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Q3 GDP: Economic activity decelerated to 2.0% annualized rate amid Delta variant, supply concerns

·Reporter
·3 min read
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The U.S. economy expanded at its slowest clip in over a year in the third quarter, with a reopening surge in activity quickly beginning to fade.

The Bureau of Economic Analysis released its first estimate of third-quarter gross domestic product (GPD) on Wednesday. Here were the main metrics economists from the print, based on consensus estimates compiled by Bloomberg:

  • GDP quarter-over-quarter, annualized: 2.0% vs. 2.6% expected, 6.7% in Q2

  • Personal consumption: 1.6% vs. 0.9% expected, 12.0% in Q2

  • Core personal consumption expenditures, quarter-over-quarter: 4.5% vs. 4.5% expected, 6.1% in Q2

The slowdown in economic activity coincided with the resurgence in Delta variant-related coronavirus cases in the July through September quarter. Positive impacts from stimulus checks and other economic relief delivered by the government earlier this year also dwindled. And supply chain challenges have capped companies' abilities to keep up with consumer demand. 

"The deceleration in real GDP in the third quarter was led by a slowdown in consumer spending. A resurgence of COVID-19 cases resulted in new restrictions and delays in the reopening of establishments in some parts of the country," the Bureau of Economic Analysis said in its release on Thursday. "In the third quarter, government assistance payments in the form of forgivable loans to businesses, grants to state and local governments, and social benefits to households all decreased."

Consumption, the largest component of U.S. GDP comprising about two-thirds of overall economic activity, slowed to a 1.6% rate in the third quarter, also marking the weakest pace since the second quarter of 2020.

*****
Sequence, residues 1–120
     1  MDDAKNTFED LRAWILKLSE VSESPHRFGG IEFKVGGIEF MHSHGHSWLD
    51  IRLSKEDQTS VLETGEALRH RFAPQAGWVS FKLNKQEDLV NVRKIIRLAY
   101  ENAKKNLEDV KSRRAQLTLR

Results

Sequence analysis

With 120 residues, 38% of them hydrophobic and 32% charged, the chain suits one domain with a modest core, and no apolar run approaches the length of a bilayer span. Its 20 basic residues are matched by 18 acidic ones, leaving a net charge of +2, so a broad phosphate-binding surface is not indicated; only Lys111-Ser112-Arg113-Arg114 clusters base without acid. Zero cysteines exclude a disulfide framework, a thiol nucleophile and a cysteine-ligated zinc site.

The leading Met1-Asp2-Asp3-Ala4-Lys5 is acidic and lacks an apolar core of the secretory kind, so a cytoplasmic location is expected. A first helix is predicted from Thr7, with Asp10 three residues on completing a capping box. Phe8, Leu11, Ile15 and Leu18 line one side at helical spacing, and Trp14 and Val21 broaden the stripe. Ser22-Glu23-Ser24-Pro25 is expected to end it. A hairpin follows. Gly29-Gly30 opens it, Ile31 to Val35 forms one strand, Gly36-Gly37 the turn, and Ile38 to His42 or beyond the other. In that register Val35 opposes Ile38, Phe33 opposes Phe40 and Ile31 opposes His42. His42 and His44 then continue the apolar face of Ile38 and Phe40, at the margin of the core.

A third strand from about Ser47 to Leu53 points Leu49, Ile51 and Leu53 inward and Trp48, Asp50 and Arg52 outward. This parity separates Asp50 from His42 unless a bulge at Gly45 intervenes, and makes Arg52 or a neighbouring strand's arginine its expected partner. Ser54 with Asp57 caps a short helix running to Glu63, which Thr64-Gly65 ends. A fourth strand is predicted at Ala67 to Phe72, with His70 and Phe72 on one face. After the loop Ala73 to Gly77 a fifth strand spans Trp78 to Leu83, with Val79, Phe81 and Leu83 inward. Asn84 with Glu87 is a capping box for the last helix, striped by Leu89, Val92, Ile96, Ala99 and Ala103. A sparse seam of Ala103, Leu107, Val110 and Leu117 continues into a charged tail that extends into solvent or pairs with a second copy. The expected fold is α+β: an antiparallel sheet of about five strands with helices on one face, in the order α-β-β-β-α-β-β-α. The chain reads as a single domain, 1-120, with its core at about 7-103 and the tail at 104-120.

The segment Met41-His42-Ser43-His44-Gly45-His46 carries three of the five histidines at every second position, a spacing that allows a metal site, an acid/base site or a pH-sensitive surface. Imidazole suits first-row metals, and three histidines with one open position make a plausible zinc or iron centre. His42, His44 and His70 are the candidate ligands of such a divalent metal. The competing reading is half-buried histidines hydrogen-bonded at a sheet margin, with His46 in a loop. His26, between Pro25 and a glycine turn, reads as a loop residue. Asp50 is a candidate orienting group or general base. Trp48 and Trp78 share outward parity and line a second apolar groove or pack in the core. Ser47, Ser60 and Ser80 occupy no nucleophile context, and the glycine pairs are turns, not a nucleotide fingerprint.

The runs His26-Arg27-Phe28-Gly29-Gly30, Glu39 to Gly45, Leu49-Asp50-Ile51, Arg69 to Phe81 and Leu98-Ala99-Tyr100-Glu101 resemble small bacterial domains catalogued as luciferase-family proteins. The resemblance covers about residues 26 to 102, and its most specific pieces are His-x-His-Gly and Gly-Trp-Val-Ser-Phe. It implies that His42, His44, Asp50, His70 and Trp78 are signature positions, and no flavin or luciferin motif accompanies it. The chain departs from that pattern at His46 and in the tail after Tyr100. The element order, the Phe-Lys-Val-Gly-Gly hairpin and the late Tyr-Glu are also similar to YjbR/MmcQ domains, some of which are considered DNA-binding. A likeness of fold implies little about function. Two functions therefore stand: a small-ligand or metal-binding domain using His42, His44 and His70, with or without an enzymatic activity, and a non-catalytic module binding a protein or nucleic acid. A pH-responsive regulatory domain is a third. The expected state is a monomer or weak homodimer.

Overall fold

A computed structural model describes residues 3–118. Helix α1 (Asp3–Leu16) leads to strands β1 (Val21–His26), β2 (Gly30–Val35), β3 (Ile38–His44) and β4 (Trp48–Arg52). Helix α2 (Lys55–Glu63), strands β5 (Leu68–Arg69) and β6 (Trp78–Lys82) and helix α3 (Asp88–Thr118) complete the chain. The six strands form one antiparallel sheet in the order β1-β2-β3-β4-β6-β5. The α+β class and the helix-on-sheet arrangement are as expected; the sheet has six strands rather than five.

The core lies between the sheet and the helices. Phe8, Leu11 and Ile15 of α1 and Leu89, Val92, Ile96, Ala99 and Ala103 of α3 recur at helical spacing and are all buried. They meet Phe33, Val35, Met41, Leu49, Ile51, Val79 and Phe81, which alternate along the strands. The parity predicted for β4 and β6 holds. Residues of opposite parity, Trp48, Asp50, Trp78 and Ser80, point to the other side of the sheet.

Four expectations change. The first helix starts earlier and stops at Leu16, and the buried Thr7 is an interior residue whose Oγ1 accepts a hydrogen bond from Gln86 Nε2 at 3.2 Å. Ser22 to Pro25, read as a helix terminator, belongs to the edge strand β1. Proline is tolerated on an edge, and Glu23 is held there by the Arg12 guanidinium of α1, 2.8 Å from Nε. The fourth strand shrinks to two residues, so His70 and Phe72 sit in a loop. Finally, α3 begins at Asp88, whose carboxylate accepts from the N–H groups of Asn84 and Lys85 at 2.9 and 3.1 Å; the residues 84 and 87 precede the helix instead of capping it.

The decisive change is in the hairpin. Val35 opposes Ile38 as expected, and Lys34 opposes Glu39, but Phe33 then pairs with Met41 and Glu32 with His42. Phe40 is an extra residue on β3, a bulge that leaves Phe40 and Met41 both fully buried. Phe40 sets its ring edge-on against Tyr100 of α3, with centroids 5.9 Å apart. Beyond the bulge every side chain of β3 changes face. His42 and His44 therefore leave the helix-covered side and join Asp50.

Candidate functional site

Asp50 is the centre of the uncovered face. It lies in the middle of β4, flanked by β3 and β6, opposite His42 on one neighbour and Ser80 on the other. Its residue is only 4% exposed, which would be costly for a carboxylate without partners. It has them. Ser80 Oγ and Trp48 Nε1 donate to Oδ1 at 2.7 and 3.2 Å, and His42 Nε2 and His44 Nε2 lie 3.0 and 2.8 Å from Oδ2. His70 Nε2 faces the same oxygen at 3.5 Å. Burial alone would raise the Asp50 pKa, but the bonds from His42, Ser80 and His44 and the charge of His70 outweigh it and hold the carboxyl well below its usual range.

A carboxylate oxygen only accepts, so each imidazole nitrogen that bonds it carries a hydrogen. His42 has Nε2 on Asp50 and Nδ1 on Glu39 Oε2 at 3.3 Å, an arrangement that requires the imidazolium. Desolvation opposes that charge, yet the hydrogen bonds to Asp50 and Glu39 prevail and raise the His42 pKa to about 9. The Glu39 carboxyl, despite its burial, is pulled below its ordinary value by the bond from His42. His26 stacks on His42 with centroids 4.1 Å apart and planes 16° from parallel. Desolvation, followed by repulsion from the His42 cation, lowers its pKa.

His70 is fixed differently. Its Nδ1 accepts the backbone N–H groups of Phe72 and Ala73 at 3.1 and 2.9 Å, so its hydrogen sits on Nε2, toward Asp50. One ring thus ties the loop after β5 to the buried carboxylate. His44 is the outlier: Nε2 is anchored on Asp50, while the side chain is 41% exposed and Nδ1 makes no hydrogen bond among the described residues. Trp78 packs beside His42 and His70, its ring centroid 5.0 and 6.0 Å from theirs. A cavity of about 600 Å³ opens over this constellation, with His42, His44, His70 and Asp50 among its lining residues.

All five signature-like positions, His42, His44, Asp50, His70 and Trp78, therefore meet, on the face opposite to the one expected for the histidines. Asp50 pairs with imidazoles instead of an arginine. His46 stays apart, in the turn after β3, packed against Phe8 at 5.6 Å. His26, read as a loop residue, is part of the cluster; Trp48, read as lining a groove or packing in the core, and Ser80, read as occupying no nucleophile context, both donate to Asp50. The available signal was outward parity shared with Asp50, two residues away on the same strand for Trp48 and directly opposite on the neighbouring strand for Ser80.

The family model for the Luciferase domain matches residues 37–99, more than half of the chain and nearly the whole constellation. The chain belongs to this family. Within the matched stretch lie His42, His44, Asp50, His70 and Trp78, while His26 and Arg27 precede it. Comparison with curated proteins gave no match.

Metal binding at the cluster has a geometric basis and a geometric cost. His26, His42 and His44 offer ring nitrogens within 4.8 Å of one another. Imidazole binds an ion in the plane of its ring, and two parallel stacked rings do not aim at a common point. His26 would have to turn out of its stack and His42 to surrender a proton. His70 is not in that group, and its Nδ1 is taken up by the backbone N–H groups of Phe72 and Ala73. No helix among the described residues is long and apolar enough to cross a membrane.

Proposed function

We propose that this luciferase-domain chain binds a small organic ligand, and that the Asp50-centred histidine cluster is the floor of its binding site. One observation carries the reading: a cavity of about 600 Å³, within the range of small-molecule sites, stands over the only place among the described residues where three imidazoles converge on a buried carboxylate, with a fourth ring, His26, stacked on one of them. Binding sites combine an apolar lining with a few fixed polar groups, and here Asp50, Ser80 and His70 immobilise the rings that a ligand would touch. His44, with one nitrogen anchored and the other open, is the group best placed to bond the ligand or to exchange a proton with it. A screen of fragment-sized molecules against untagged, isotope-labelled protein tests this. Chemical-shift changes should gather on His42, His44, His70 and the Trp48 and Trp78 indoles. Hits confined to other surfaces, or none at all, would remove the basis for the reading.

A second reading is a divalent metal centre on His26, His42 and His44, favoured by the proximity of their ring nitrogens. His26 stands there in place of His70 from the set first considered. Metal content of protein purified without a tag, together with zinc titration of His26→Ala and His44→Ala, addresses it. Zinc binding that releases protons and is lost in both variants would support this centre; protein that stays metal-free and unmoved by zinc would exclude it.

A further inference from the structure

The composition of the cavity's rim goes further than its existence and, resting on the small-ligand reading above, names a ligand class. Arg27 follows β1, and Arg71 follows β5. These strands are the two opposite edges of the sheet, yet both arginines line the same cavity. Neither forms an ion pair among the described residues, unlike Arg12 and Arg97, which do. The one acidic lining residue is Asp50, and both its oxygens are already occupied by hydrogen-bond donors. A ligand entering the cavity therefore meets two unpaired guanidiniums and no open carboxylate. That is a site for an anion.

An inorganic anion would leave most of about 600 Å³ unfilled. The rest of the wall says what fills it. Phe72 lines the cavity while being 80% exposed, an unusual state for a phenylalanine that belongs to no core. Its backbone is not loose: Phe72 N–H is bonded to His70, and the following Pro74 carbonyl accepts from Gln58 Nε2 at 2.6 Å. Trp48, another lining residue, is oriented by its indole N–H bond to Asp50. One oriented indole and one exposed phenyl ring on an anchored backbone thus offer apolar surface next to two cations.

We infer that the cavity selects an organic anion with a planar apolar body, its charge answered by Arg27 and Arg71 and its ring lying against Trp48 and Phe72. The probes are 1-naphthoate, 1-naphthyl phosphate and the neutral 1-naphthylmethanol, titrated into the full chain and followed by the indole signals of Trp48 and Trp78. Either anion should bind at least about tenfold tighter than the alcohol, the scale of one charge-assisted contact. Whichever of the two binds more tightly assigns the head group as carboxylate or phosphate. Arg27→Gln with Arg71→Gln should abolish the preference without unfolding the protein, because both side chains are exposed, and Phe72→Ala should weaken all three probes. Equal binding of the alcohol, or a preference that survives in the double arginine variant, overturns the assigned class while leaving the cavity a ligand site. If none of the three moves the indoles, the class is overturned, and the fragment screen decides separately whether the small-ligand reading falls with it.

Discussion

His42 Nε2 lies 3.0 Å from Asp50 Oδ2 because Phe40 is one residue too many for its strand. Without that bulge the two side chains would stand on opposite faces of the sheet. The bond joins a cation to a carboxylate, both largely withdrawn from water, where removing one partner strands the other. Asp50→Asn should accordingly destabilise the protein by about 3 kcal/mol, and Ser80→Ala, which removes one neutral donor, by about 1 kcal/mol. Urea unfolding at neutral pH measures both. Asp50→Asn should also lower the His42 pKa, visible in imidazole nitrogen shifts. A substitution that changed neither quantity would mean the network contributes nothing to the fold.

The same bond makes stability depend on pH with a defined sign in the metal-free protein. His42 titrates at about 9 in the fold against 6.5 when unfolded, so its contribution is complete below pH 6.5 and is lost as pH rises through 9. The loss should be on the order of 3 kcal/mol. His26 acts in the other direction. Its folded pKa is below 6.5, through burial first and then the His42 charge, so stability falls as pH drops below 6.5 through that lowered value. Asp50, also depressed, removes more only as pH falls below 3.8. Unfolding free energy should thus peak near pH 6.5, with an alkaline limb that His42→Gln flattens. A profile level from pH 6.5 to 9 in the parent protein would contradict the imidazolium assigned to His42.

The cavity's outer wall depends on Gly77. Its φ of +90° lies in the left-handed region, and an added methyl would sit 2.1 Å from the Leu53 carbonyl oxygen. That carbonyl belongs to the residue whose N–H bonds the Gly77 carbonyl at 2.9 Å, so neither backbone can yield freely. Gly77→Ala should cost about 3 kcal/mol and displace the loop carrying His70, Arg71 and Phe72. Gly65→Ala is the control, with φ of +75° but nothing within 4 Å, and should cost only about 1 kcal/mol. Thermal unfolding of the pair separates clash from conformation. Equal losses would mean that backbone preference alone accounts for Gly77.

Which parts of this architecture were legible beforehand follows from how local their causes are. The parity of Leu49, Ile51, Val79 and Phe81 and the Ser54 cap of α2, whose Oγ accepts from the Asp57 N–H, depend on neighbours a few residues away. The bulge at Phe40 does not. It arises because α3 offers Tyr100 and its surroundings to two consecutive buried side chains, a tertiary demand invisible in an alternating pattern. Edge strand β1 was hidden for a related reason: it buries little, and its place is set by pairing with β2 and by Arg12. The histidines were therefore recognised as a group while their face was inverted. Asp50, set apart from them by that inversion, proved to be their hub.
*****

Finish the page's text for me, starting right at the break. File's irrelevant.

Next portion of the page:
A forklift driver works at the port of Los Angeles, California, the United States, on Oct. 22, 2021. As the Christmas shopping season is approaching, the Biden administration is facing growing pressure to ease the supply problem. The port of Los Angeles was asked to operate 24 hours a day and 7 days a week. The port of Long Beach started nighttime and weekend shifts several weeks ago to move to full-scale operations. (Photo by Xinhua via Getty Images)
A forklift driver works at the port of Los Angeles, California, the United States, on Oct. 22, 2021. As the Christmas shopping season is approaching, the Biden administration is facing growing pressure to ease the supply problem. The port of Los Angeles was asked to operate 24 hours a day and 7 days a week. The port of Long Beach started nighttime and weekend shifts several weeks ago to move to full-scale operations. (Photo by Xinhua via Getty Images)

Heading into Thursday's report, monthly retail sales data from the Commerce Department came in mixed for the third quarter to already reflect a marked deceleration in consumer spending. Sales dropped much more than expected in July before rebounding in August and September, albeit to monthly growth rates still well below the surges seen earlier this year. 

Consumer confidence, which serves as one indicator of consumers' propensity to spend and stoke economic activity, followed a similar trend. The Conference Board's September consumer confidence index, which does not factor into calculations of GDP, declined in each of July, August and September, reflecting a deterioration in consumer optimism amid the Delta variant and rising prices. 

Other components of GDP were also tepid for the third quarter. Net exports served as a drag yet again to headline GDP and subtracted 1.1 percentage points from the headline rate, owing to a yawning trade deficit. The goods trade gap widened to a record high in September as exports sank and imports rose, with businesses attempting to bring in goods to keep pace with demand. 

Residential fixed investment, which tracks housing market activity, also dragged on GDP for a second straight quarter after contributing to growth earlier this year, with tight inventory levels and record surges in prices deterring would-be homebuyers. 

Other components contributed more strongly to GDP, however. Inventories added more than 2 percentage points to headline GDP after back-to-back quarters of declines, suggesting businesses were working to replenish out-of-stocks. Government spending also added about 0.1 percentage points to headline GDP, reversing some declines from the prior quarter. 

Emily McCormick is a reporter for Yahoo Finance. Follow her on Twitter